3. We would need to turn off the furnace for the entire complex, I wouldn't even know where to look for that much less have the keys to the door that they most certainly have locked (I would hope).

     

     

    By spitting I didn't mean in the literal sense, more as in if you don't fix this i don't want to have to court but i will because its better than freezing/frying my ass for the entire winter.

    Thank you for your help however, it was informative.

     

  • Wed, Nov 30 2016 9:30 AM In reply to

    Re: Maintenance refuses to fix the heating

    genoism:
    They as in maintenance.

    The maintenance people employed by the condo complex likely have no obligations to you.  They may have obligations to your landlord (the owner of the condo), and it's possible that those obligations have passed to you by virtue of your lease.

     

    genoism:
    We would need to turn off the furnace for the entire complex, I wouldn't even know where to look for that much less have the keys to the door that they most certainly have locked (I would hope).

    If heat is centralized, then the condo complex almost certainly has an obligation to your landlord to fix this, and you need to be crawling up your landlord's backside to make sure that happens.  Your landlord owes you the duty to ensure that the premises are habitable.

     

    genoism:
    By spitting I didn't mean in the literal sense, more as in if you don't fix this i don't want to have to court but i will because its better than freezing/frying my ass for the entire winter.

    Obviously it's not literal since one cannot literally "spit out the law" at someone.  Non-lawyers citing laws to other non-lawyers as part of a threat is generally not an effective thing to do.  Given the circumstances, I think you need to move swiftly, which means if your landlord doesn't take prompt action to get this fixed by the end of the week, I think you need to be talking with a lawyer no later than the first part of next week.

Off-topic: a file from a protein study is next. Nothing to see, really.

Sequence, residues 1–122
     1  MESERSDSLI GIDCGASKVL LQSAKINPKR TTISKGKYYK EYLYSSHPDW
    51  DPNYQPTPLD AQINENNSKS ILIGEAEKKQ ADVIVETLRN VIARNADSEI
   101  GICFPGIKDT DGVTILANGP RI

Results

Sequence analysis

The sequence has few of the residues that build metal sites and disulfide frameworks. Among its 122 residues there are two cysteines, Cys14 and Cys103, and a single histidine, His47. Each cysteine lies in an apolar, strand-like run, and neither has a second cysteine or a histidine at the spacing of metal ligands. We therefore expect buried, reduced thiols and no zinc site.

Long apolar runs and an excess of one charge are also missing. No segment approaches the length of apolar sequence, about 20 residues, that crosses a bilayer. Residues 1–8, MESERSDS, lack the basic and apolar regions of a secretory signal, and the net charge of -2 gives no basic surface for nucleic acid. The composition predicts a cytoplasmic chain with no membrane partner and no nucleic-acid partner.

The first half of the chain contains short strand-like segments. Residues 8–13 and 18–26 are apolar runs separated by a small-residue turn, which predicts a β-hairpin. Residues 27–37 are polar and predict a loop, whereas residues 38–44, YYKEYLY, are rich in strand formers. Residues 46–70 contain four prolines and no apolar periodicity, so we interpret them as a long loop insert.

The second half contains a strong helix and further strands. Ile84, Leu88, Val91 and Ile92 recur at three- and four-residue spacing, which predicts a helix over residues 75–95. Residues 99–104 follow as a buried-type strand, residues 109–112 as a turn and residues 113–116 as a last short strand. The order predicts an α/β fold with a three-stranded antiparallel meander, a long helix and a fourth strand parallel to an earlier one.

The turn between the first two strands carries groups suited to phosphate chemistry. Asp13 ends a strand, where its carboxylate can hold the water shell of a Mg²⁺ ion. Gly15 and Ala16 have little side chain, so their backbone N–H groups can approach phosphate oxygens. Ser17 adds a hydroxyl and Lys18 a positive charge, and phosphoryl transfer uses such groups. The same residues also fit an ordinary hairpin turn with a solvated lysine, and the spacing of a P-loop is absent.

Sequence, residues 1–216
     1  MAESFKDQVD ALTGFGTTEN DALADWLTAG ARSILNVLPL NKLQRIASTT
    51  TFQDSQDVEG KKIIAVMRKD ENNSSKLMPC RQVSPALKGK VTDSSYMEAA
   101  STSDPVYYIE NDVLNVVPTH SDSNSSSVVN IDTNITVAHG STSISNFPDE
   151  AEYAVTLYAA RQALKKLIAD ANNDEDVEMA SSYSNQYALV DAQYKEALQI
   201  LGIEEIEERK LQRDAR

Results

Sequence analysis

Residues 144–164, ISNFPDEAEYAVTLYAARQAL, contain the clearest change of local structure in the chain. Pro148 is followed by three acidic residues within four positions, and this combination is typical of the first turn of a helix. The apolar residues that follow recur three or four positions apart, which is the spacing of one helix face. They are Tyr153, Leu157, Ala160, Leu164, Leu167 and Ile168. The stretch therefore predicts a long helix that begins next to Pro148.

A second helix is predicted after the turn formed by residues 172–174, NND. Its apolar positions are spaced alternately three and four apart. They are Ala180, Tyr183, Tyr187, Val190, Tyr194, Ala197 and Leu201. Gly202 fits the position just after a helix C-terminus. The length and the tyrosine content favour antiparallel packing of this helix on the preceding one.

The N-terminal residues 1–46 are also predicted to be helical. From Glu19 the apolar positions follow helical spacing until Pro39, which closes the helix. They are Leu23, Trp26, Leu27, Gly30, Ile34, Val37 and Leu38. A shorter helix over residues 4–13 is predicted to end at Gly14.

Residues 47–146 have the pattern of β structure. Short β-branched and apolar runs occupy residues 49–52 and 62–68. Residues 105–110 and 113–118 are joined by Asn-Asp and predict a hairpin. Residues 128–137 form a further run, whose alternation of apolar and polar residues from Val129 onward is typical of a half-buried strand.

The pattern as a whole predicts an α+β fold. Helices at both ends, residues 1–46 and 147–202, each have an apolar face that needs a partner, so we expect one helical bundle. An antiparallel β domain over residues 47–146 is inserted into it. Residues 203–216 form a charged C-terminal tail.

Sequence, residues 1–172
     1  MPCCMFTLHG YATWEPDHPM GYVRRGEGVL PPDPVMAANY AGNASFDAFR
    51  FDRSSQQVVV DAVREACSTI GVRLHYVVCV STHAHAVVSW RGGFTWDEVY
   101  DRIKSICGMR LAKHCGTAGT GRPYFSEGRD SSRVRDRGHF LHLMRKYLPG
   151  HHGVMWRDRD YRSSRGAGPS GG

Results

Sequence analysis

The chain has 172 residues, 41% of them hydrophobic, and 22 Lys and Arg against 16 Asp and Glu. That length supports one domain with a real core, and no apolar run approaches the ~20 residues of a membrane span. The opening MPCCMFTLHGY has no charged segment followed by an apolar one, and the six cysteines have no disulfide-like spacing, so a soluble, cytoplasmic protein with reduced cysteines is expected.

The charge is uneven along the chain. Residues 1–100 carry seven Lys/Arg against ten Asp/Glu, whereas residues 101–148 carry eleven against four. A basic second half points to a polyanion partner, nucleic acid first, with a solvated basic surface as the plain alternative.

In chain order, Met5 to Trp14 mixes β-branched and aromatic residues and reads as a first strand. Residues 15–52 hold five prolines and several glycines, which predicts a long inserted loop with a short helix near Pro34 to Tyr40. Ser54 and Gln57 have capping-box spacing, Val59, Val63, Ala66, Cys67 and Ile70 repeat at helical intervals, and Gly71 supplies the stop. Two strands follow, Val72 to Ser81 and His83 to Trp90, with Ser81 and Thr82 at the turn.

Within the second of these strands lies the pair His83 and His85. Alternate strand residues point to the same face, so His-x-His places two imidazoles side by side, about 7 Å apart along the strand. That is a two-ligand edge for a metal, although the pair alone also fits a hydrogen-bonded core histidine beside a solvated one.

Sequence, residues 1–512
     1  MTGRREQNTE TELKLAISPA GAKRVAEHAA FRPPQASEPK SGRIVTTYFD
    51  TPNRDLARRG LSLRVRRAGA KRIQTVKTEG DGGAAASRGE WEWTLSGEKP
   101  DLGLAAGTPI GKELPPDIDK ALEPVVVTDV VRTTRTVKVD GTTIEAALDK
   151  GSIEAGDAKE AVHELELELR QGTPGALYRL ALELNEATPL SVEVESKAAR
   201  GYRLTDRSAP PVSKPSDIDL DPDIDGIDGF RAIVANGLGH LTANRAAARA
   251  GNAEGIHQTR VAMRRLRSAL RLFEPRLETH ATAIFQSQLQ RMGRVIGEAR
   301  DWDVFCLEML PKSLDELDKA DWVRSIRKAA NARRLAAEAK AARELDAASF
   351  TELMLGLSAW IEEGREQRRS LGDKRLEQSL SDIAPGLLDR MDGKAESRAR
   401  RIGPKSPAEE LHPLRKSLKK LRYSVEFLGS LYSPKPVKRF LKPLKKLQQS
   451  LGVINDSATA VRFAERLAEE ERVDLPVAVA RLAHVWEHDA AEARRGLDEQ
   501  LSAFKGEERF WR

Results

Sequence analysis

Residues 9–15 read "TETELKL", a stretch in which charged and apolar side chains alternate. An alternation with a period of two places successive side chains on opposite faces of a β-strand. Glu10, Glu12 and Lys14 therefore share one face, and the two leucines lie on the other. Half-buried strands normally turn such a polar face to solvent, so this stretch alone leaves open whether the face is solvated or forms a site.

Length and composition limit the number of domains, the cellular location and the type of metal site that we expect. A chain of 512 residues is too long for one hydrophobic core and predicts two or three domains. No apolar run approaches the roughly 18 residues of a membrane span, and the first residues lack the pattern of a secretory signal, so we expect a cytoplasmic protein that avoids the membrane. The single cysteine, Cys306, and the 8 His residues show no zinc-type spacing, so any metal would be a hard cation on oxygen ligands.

• Wed, Nov 30 2016 10:51 AM In reply to

    Re: Maintenance refuses to fix the heating

    What NJ sources say about the warranty of habitability only specifies a MINIMUM wintertime indoor temperature - there is no official maximum.  See this and this.

    You could try checking your written lease, if you have one, for any wording that might apply.

    If there isn't anything, then you're probably stuck with engineering solutions.  If you can figure out a safe jury-rig solution, that will make your landlord love you.  Or at least not tell other reference-checking landlords that you were a pain to deal with.

    What kind of heat do you have?  Could you try partially blocking the grates where the heat comes in, using something nonflammable of course?  If you have radiators, could you try covering them with insulation rated for contact with hot surfaces?

  • Wed, Nov 30 2016 12:42 PM In reply to

    • Drew
      Consumer
    • Top 10 Contributor
    • Joined on Thu, Mar 30 2000
    • PA
    • Posts 51,417

    Re: Maintenance refuses to fix the heating

    Who pays the heat? 

    Too much heat is unlikely to be a code/regulatory problem .....but it not rare n some older buildings or ones with lousy system design .

    ME, I'd take pictures of me in bathing suit and windows open and fan on and send it to folks who,pay the fuel bills ? 

     

     

     

     



  • Wed, Nov 30 2016 2:48 PM In reply to

    Re: Maintenance refuses to fix the heating

    karen2222:
    What NJ sources say about the warranty of habitability only specifies a MINIMUM wintertime indoor temperature - there is no official maximum.

    Given that one of the documents to which you linked apparently was published by an official state source, I'll assume that the reference to a required minimum temperature is a summary of an actual law.  However, the lack of reference to an "official maximum" is really of no significance whatsoever.  The doctrine of habitability isn't going to be defined by specific temperature points, and having the heat "on full blast for . . . the entire winter" and expecting the tenant to open window in the middle of a New Jersey winter to counteract that isn't a reasonable solution to the problem (to say nothing of the heating costs).

    TENANT: "It's 110 in my apartment!"

    LANDLORD: "Open the windows."

    TENANT: "It's 2 degrees above zero and blizzarding outside."

    LANDLORD: "Too bad; the law sets a minimum wintertime temperature but no "official maximum."

    LOL

    Absent some compelling information not otherwise disclosed, this is something the landlord needs to remedy pronto.